Is there a way to prove there is are infinitely many primes without doing a proof by contradiction?

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- June 3rd 2010, 02:59 PMdwsmithInfinitely many primes
Is there a way to prove there is are infinitely many primes without doing a proof by contradiction?

- June 3rd 2010, 03:00 PMchiph588@
- June 3rd 2010, 03:04 PMdwsmith
- June 3rd 2010, 03:07 PMchiph588@
- June 3rd 2010, 03:12 PMdwsmith
- June 3rd 2010, 03:19 PMchiph588@
Proof that the sum of the reciprocals of the primes diverges - Wikipedia, the free encyclopedia

I don't really like this proof because the first step takes the log of infinity, but it will give you the right idea and can be tweaked a bit to be valid. - June 3rd 2010, 03:26 PMdwsmith
- June 3rd 2010, 05:33 PMchiph588@
Maybe you'll like this one better: Goldbach's Proof of the Infinitude of Primes (1730)

- June 3rd 2010, 10:57 PMCaptainBlack
- June 3rd 2010, 11:46 PMBruno J.
Here's a proof I thought about a while back (which probably exists elsewhere!). It's not rigorous, as one doesn't really make precise the idea of putting "half" of the integers in a set. However, it's still an interesting reasoning.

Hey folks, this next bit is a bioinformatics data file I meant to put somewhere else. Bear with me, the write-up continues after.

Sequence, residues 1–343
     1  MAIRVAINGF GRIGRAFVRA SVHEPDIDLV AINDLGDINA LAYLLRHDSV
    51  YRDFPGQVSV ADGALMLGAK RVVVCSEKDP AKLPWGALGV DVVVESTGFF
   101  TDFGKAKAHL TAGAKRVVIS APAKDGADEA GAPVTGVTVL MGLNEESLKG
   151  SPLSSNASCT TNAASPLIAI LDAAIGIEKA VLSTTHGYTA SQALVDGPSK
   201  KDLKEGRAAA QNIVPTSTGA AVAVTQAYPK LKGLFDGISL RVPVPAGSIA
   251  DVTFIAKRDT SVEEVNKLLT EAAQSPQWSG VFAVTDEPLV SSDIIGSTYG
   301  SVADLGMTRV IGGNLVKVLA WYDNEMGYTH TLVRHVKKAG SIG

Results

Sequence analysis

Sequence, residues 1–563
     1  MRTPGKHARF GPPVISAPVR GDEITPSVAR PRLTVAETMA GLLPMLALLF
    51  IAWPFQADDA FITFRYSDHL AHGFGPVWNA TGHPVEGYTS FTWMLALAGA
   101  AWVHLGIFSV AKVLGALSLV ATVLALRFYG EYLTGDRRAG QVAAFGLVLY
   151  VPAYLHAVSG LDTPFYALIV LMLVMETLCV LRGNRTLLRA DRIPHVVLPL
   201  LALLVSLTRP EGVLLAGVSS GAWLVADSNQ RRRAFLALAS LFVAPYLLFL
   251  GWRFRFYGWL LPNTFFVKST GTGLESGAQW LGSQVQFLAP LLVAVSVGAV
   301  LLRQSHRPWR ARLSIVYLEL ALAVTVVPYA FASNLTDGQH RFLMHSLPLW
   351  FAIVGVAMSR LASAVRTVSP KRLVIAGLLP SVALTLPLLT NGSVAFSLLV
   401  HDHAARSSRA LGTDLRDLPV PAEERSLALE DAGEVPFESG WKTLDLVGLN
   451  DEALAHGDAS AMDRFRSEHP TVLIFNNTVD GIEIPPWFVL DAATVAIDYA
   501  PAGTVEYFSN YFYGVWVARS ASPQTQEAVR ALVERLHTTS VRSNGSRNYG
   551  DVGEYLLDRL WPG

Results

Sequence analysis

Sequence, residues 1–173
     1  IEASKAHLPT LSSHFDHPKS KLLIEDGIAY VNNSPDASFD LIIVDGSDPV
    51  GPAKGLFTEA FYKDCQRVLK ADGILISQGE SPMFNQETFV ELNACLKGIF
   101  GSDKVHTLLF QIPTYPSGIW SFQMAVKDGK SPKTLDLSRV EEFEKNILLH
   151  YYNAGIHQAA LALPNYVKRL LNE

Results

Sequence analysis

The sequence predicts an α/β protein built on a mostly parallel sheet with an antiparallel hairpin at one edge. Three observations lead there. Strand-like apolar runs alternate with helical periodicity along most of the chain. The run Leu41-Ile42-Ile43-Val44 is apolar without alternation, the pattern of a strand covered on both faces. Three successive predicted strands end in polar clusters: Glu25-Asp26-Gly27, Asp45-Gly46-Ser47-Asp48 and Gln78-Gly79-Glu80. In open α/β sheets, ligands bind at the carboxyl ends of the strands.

Suppose there are only primes, the greatest being .

Half of the integers are not divisible by 2.

Two-thirds of those are not divisible by .

Four fifths of those are not divisible by .

All the way to : ths are not divisible by .

Hence the "proportion" of integers not divisible by any one of is equal to , which is greater than , which is absurd because every integer must be a multiple of one of , which we've supposed to be the only primes.

The reasoning also shows informally that ; expanding the product yields a nice Dirichlet series for the Möbius function. Note also that the product is . - June 4th 2010, 04:35 AMmelese
There is a famous relationship due to Euler: (continues forever)

The left-hand side is the harmonic series that diverges. The right-hand side is a product in which each member is of finte value (for example: . In general, ).

The right-hand side, then must be an infinte product because the harmonic series is divergent. - June 4th 2010, 05:43 AMaman_cc
This was beautiful ! Thanks

I have a much less consequential question (related to the approach used in the Goldbach's proof)

Let a,b be co-prime

Let

a1 = a

a2 = a1 + b

a3 = a1a2 + b

a4 = a1a2a3 + b

....

...

.

Prove that (ai,aj) are also co-prime for any i and j

Now I struggled with this one - finally could do it using induction. But I'm looking for a better way to do it? Can anyone help plz? I will be more than happy to submit my proof if anyone needs to see that.